IT'S TIME TO PAAAARTY! Why? The Universe knows that Tramp is celebrating their 40th trip around the sun in 2018. And what about planet Earth? Well… it is as blind as it is in so many other situations. Therefore, it is time to shine the light on Tramp for all of its unremitting efforts. As musical diversity is vanishing, especially in the field of African American music from the 1960s/70s, it is our duty to stop the extinction of threatened species of music in the same way an animal welfare activist would do anything to save a gorilla's life. Tramp Records keeps this beautiful heritage alive, every single day, again and again and again. So we are here wondering why Earth people and especially to those from our beloved home country; why? why are you just sitting there, going about your life unaware of this historic event? What a pity!
The announcement is especially striking when it comes to the prestigious "Movements" series. Like all its predecessors, this ninth volume contains Rare Groove nuggets recorded between the early 1960s and the late 1970s. The fact that only one of the songs appear anywhere else is a jaw-dropping phenomenon! The chronological track listing starts with two amazing cover versions: "Fever" by Gee Gee Shinn & the Boogie Kings and "I'm A Woman" by Connie Kaye Trio. Bus Brown, Earl Demus and Chuck Finney remain in the same direction although their contributions are slightly jazzier. Chick Willis' gut-wrenching "Sometime Soon" easily rivals James Brown's "It's A Man's World" and the recordings by Australia, J.R. and Joe Akens are beautiful examples of privately produced soul from the 1970s. The latin-soul of "Cho Cho San" by Hummingbird 4 heads the sound in another direction for the next three tunes, highlighted by one more stunning cover version, Oscar Brown Jr.'s "Brother, Where Are You?". The album closes with some pre-disco tracks from the mid-to-late 1970s. Funk 7" collectors will freak out to finally get a chance to listen to Mel-O-Madnezz' superheavy "What You Getting High On" but will certainly also enjoy The Counts, Reunion and Hot Cakes' dance floor bomb cover of "Harlem Shuffle".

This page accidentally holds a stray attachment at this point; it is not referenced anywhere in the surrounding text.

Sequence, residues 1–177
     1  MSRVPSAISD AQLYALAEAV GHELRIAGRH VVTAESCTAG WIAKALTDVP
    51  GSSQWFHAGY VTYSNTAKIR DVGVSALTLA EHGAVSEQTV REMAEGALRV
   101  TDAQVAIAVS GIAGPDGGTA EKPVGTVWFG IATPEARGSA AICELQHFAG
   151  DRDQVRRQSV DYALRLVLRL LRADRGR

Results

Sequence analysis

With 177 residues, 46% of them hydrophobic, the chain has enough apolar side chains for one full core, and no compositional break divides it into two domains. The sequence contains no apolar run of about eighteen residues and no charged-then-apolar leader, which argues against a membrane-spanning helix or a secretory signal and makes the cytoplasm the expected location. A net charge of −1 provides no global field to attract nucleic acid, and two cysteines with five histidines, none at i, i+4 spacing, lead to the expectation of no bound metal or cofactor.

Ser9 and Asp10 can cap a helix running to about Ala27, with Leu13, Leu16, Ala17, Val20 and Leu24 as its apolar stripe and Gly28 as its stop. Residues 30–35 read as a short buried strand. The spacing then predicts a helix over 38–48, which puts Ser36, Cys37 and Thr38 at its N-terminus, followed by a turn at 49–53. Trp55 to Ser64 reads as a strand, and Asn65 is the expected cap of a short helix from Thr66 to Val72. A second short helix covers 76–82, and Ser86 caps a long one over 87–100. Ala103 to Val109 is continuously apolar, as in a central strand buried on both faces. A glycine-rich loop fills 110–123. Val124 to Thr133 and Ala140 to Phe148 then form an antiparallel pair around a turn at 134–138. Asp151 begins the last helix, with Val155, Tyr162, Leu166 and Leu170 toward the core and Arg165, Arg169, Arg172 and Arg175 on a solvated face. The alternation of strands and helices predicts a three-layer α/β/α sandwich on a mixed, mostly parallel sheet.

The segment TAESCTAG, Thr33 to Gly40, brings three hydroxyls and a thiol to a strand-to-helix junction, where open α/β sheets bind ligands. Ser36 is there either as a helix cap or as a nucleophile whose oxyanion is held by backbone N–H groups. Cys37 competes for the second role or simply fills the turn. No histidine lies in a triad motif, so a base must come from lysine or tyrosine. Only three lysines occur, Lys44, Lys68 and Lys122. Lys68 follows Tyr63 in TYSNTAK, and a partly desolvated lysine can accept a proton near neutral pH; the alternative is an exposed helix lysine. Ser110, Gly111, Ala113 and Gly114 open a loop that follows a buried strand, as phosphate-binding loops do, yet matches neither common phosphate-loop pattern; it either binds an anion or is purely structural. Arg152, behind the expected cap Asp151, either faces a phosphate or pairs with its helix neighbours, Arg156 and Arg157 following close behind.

Over a hundred great unknown songs have been re-released on the first eight volumes in the "Movements" series, the majority of which can not be found elsewhere, and Vol. 9 is no exception. The work of Germany's tiniest but grooviest record label is still incomprehensibly underestimated. We know you diggers, collectors, mavens, aficionados, fanatics, completists, enthusiasts, and just plain record geeks know what's up and we heartily salute you! Without your support there would be no Tramp Records. But now it's time for a broader cultural shift for good music and a sweeping move to uphold the legacy of the unsung heroes of funk and soul. Therefore, we humbly petition you: in 2018, Don't keep all this glory to yourself! Turn your friends and neighbors on! Thank you!
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